Although Sanders testified that he was never taken to a healthcare unit or visited by a doctor for treatment of his injuries during the time he was incarcerated at Menard, (Doc. 53-1, pp. 88-89), the record reveals that Sanders was seen by a correctional medical technician in his cell on July 31, 2007 (Doc. 71-1). The medical record indicates that Sanders reported no pain to his neck, back, testicles or any other part of his body. Id. Sanders reportedly had no contusions or abrasions, but did complain of light bruising to his wrist and light numbness and tingling in his pinky finger. Id. Thus, while Sanders may have experienced some pain, there is no evidence that, at the time that he was allegedly denied medical care, his conditions were "objectively serious." Even when drawing all reasonable inferences in favor of Sanders, at most, he appears to have suffered minor aches, pain and discomfort.
In addition, Sanders cannot establish that Defendants acted with "a sufficiently culpable state of mind." Walker, 293 F.3d at 1037. As to the defendant's state of mind "negligence or even gross negligence is not enough; the conduct must be reckless in the criminal sense." Lee v. Young, 533 F.3d 505, 509 (7th Cir. 2006). Reckless conduct is "conduct so dangerous that the deliberate nature of the defendant's actions can be inferred." Foelker v. Outagamie County, 394 F.3d 510, 513 (7th Cir. 2005) (citing Qian v. Kautz, 168 F.3d 949, 955 (7th Cir. 1999)). Failing to provide immediate medical attention for minor aches and pains does not constitute reckless conduct. Accordingly, Defendants' Motion for Summary Judgment (Doc. 52) is GRANTED as to Count Two of the First Amended Complaint (Doc. 35). Equal Protection Claims Sanders, an African-American, alleges that Defendants Welborn and Hoffman violated his rights to equal protection of the law when they allegedly assaulted him while calling him racially derogatory names and later denied him medical care (Docs. 35, 58).
Sanders, however, has not set forth any evidence that he was treated differently from any other inmate of a different race. To satisfy the similarly situated prong, Sanders must show that he is "directly comparable in all material respects" to another inmate not in his protected class. Wyninger v. New Venture Gear, Inc. 361 F.3d 965, 979 (7th Cir. 2004); see also Lucas v. Chicago Transit Authority, 367 F.3d 714, 732 (7th Cir. 2004) (requiring proof that similarly situated individuals "who were not members of the protected class" were treated more favorably in order to establish racial intent). Sanders has not identified any other inmate of a different race who was in a similar situation and was more favorably treated than he.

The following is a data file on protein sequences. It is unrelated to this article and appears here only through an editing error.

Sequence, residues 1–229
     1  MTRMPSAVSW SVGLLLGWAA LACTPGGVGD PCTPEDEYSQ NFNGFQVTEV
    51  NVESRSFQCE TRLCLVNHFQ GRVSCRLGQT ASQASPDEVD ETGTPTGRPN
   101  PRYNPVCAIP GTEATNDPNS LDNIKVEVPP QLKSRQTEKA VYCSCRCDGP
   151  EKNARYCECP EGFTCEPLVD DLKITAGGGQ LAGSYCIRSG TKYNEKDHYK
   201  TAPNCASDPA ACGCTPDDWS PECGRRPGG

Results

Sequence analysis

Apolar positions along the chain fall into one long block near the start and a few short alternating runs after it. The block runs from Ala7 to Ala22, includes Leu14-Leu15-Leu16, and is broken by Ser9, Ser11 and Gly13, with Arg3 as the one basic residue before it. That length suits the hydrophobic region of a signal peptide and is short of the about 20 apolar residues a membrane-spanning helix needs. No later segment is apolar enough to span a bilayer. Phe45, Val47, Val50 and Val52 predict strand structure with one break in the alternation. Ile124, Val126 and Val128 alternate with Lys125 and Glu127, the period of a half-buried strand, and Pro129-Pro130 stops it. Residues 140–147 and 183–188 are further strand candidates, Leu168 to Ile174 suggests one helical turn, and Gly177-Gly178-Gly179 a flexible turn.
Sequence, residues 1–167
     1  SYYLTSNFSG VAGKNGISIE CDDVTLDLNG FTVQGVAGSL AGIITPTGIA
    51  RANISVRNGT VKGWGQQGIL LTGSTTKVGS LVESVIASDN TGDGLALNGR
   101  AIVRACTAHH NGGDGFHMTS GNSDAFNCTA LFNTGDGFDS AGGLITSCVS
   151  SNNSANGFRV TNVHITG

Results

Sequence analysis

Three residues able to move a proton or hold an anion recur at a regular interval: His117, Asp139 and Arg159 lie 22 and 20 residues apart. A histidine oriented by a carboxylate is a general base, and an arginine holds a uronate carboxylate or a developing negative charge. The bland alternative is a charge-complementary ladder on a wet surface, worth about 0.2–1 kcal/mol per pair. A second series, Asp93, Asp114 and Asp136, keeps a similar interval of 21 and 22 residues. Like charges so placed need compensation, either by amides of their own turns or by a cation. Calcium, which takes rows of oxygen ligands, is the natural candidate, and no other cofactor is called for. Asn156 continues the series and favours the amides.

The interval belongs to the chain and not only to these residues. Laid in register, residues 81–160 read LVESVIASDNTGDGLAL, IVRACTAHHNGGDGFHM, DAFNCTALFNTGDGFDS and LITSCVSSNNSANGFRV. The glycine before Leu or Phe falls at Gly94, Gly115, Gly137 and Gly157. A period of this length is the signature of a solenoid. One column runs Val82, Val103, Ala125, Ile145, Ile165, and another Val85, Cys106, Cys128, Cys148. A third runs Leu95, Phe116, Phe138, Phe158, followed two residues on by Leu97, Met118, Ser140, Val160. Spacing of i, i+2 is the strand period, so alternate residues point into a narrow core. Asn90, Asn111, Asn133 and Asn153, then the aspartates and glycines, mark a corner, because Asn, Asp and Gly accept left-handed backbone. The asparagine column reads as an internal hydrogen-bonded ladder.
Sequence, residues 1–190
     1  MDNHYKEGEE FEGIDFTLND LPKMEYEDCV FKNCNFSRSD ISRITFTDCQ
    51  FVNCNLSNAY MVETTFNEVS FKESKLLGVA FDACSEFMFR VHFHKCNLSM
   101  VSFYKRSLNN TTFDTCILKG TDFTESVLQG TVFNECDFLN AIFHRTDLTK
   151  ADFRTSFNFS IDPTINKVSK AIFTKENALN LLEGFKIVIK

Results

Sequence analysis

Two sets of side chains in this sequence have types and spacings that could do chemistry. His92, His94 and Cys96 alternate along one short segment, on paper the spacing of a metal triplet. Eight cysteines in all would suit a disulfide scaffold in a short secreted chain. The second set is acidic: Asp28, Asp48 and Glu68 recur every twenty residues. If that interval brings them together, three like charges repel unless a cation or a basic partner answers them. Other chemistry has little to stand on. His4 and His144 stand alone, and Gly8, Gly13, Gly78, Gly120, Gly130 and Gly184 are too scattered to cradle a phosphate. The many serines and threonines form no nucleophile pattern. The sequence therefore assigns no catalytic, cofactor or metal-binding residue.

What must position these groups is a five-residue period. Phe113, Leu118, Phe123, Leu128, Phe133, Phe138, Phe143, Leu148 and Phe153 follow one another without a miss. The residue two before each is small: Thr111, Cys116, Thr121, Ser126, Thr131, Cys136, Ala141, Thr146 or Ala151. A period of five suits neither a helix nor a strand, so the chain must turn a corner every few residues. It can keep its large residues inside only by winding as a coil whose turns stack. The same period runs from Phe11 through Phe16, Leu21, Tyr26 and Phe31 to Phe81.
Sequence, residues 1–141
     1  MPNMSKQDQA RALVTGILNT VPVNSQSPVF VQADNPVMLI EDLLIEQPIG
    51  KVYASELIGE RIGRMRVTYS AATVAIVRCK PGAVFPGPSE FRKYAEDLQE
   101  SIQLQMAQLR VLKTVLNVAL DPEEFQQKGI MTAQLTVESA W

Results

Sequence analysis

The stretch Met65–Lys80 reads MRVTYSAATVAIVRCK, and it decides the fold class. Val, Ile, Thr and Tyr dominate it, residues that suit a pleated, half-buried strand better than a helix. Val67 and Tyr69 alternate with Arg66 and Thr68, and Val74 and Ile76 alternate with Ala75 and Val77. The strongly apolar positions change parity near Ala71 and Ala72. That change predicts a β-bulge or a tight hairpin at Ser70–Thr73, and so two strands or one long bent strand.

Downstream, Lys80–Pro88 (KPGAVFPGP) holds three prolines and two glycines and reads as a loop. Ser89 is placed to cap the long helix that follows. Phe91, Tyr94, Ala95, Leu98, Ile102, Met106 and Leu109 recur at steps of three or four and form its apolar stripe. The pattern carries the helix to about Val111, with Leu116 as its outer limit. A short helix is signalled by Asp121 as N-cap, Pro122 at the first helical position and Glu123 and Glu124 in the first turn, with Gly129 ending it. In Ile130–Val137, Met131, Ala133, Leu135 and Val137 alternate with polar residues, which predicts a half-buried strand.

Moreover, the only evidence of racial discrimination that Sanders offers against Welborn and Hoffman are the disputed remarks and gestures made regarding Sanders's race. According to Sanders, Defendants' comments and actions demonstrate that he was assaulted and denied medical treatment because of his race. However, Defendants' alleged racial slurs and gestures do not, by themselves, establish a genuine issue of material fact. See McMillian v. Svetanoff, 878 F.2d 186, 190 (7th Cir. 1989) (a person's subjective belief that he or she was subject to racial discrimination is not sufficient to create a genuine issue of material fact). While the acts and remarks alleged are deplorable and offensive, these isolated incidences, do not establish a constitutional violation. See Dewalt, 224 F.3d at 612.
Sanders has failed to establish a prima facie case of racial discrimination under the equal protection clause. He has not set forth any evidence that he was treated differently than other inmates of a different race, or that Defendants treated him differently because of his race. Consequently, the Court GRANTS summary judgment on Count Three of the First Amended Complaint.
Typically, the doctrine of qualified immunity acts as a protective shield for "government officials against suits arising out of their exercise of discretionary functions 'so long as their actions could reasonably have been thought consistent with the rights they are alleged to have violated.'" Jones v. Wilhelm, 425 F.3d 455, 460 (7th Cir.2005) (quoting Anderson v. Creighton, 483 U.S. 635, 638 (1987)). However, officers "who act unreasonably or 'who knowingly violate the law'" are not protected by qualified immunity. Sornberger v. City of Knoxville, Ill., 434 F.3d 1006, 1014 (7th Cir.2006) (quoting Hunter v. Bryant, 502 U.S. 224, 228 (1991)).
On summary judgment, the Court makes two key inquiries in evaluating qualified immunity: "(1) whether the facts, taken in the light most favorable to the plaintiff[ ], show that the defendants violated a constitutional right; and (2) whether that constitutional right was clearly established at the time of the alleged violation." Gonzalez v. City of Elgin, 578 F.3d 526, 540 (7th Cir. 2009). "[T]he court may decide these questions in whatever order is best suited to the case at hand." Id. (citing Pearson v. Callahan, 129 S. Ct. 808, 818 (2009)). "If the law did not put the officer on notice that his conduct would be clearly unlawful, summary judgment based on qualified immunity is inappropriate." Saucier v. Katz, 533 U.S. 194, 202 (2001).